The shooting down of a Russian jet that Turkey says violated its airspace near the Syrian border has further ratcheted up tensions between the two countries. The move appears to reflect a determination in Ankara to adopt a more aggressive posture toward Moscow. But while it is certainly a bold shift, it is very much a symptom of the problematic nature of Turkish-Russian ties.
Simply put, the two countries have diametrically opposed positions in Syria: Russia backs Bashar al-Assad’s regime, which Turkey is trying to oust. Indeed, Ankara and Moscow are now effectively in a proxy war, with the former supporting the rebels while the latter is offering military support for the Assad regime.
The tensions between the two sides increased with Russia’s recent deployment of forces in Syria, a move that for now at least has dashed the Turkish dream of ousting the Assad regime. The Turkish willingness to shoot down a Russian plane may reflect growing frustration with Russian bombing. Despite Moscow’s claim to be aimed primarily at ISIS, the bombing appears to have been focused on northwestern Syria, which is mostly controlled by Turkey-backed rebels.
Regardless of the reasoning, the incident has brought the two countries close to outright conflict for the first time since World War I. And while it should be hoped that Turkey and Russia do not engage in direct warfare, Moscow will undoubtedly want to make Turkey pay for what it sees as a “stab in the back.”
Even before Tuesday’s downing, Russian President Vladimir Putin had been trying to position himself as a world leader and Russia as a global military power, so there seems no chance that he will let Ankara undermine his ambitions. With that in mind, Russia can be expected to follow a two-pronged strategy to “punish” Ankara and in doing so send a message to other states about the danger of crossing Russia.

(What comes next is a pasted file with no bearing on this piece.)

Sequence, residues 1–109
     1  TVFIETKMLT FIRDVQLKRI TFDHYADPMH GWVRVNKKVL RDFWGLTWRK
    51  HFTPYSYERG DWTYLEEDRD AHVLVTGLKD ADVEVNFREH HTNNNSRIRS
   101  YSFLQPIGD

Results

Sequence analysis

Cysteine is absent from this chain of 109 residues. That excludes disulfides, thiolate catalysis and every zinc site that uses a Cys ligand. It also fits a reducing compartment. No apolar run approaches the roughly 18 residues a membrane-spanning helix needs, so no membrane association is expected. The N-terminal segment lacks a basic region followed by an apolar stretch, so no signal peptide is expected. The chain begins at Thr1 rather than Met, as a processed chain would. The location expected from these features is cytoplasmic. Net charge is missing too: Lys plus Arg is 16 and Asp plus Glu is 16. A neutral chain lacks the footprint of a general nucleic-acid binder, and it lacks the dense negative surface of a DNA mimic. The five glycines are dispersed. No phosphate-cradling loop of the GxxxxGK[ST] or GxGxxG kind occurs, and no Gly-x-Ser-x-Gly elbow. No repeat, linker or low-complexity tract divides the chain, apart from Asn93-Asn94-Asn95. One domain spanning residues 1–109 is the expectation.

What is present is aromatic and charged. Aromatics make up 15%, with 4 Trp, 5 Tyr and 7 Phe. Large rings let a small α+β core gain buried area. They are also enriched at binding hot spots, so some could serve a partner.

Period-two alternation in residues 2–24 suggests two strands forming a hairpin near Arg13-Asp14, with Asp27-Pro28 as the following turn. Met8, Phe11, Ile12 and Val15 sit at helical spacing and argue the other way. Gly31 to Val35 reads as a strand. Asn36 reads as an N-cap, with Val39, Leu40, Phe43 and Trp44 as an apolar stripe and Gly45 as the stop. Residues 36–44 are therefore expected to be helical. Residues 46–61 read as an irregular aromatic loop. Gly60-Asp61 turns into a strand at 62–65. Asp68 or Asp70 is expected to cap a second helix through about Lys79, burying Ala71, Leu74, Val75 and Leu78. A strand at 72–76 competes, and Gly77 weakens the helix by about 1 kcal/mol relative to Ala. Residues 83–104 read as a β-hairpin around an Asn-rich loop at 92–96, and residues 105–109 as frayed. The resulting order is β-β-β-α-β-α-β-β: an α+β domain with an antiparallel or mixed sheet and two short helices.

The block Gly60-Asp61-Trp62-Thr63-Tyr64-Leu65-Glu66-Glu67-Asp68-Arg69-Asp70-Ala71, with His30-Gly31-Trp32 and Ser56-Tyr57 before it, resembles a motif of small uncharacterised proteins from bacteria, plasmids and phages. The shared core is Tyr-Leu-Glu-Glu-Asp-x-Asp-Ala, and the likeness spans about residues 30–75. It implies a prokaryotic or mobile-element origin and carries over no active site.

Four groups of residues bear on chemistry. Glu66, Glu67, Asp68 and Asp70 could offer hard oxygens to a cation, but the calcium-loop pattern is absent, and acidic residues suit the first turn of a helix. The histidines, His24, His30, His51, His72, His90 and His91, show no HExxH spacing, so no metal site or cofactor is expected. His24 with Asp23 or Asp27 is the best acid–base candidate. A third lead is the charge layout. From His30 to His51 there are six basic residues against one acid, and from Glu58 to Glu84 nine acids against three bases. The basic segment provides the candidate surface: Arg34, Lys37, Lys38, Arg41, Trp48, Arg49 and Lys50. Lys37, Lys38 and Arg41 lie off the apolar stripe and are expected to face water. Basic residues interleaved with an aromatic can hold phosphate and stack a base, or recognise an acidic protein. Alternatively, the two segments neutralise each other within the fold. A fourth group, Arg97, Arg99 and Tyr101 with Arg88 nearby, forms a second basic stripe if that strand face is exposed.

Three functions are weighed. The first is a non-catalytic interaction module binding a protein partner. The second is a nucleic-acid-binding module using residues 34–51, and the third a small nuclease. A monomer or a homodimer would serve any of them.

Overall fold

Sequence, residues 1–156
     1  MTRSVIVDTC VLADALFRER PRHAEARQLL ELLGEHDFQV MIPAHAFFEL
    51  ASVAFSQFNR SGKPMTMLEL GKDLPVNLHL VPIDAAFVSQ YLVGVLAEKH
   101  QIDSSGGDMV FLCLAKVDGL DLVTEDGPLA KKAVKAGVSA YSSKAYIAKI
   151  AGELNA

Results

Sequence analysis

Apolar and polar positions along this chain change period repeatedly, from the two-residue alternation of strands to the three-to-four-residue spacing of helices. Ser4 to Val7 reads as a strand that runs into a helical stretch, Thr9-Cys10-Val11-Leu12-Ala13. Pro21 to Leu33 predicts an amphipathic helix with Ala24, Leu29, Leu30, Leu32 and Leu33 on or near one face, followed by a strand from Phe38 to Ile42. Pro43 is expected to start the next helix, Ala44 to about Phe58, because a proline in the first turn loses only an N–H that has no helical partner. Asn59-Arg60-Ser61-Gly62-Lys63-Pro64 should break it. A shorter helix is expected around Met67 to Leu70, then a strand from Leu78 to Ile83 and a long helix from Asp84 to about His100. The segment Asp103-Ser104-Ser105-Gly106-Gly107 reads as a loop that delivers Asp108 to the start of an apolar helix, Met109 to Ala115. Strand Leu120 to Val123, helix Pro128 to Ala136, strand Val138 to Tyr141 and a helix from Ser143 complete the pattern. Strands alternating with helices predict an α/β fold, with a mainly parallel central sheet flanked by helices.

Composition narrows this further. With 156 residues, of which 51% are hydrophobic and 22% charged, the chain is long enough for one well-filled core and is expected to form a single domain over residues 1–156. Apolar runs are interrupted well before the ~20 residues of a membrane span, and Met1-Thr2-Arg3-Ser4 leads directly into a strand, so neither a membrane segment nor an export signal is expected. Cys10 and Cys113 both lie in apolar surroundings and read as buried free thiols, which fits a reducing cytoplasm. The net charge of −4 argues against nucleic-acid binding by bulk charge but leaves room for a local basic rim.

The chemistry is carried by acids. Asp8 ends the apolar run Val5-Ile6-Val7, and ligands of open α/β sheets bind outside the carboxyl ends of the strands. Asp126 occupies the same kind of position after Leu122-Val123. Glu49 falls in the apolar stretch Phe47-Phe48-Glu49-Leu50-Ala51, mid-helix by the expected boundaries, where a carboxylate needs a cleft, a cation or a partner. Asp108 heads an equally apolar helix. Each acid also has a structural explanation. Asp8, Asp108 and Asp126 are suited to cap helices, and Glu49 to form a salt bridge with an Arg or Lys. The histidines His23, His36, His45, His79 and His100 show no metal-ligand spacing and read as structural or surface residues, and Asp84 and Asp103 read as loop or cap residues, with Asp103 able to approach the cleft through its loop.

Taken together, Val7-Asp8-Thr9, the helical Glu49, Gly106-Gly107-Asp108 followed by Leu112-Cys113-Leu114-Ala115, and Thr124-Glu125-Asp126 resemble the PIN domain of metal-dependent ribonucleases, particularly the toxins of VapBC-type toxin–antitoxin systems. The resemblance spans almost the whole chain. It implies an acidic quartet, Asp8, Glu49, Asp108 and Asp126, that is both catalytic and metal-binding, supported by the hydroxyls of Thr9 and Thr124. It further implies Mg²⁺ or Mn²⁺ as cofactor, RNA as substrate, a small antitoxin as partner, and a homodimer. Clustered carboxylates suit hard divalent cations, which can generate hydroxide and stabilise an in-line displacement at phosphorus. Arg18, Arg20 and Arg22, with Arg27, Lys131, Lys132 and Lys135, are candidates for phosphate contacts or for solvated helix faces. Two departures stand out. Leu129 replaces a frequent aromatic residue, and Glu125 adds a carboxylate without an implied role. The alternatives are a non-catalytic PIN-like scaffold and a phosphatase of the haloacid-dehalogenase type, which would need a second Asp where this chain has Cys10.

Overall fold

Already, Russia has deployed anti-aircraft missiles to Syria. But a more likely focus for Moscow than outright military action against Turkey will be hitting it commercially.
Russia is one of Turkey’s top trading partners, and Turkish businesses stand to lose out if Putin engages in commercial retaliation. In the past, Putin has used trade to “punish” states that oppose his hegemony, including cutting gas supplies to Ukraine and banning the export of Georgian wines and mineral water after the conflict there (Moscow’s excuse for the ban was “consumer protection,” but the decision was widely seen as a political tool for pressuring its neighbor).
Now, Putin can be expected to do the same with Ankara, as Turkey exports large amounts of foodstuffs to Russia. In fact, Russia has already banned the import of Turkish poultry, and it is likely that Moscow will widen import bans in the coming days unless Turkey backs down and apologizes in the dispute.
Of course, Russia could also choose to cut Turkey’s access to Russian gas; Turkey depends on Russia for about half of its gas supplies. But the flip side is that Russia needs the money and has no real alternative market to a big consumer such as Turkey.
Instead, Putin’s second tool against Turkish President Recep Tayyip Erdogan is his country’s Syria policy. Since 2011, Turkey’s approach to its neighbor has focused on ousting the Assad regime. But with this policy clearly failing, Erdogan appears to be angling to secure Ankara a seat at the table when negotiations are held for Syria’s future.
This, of course, can realistically happen only if Turkey continues to have the leverage of Ankara-backed rebels holding on to the parts of Syria that they currently control. With this in mind, Russia can be expected to step up its strikes against these areas in an effort to drive Turkey-backed rebels out of Syria.
If Turkey’s shooting down of the Russian plane was aimed at protecting Turkmens and boosting Turkey-backed groups, it may prove to have the opposite effect: Russia will probably increase the bombing in these areas, more civilians will suffer, and new wave of refugees could be generated.
For now, Russian retaliation seems most likely to come against Turkish trade; a temporary halting of gas exports, as was used against Ukraine, is certainly in the cards if Ankara does not stand down. But with anti-aircraft missiles in place near the Turkish-Syrian border, it is impossible to rule out a dangerous escalation — and yet another blow to hopes that the Syria crisis can be resolved anytime soon.
Soner Cagaptay is director of the Turkish Research Program at the Washington Institute for Near East Policy. The views expressed are his own.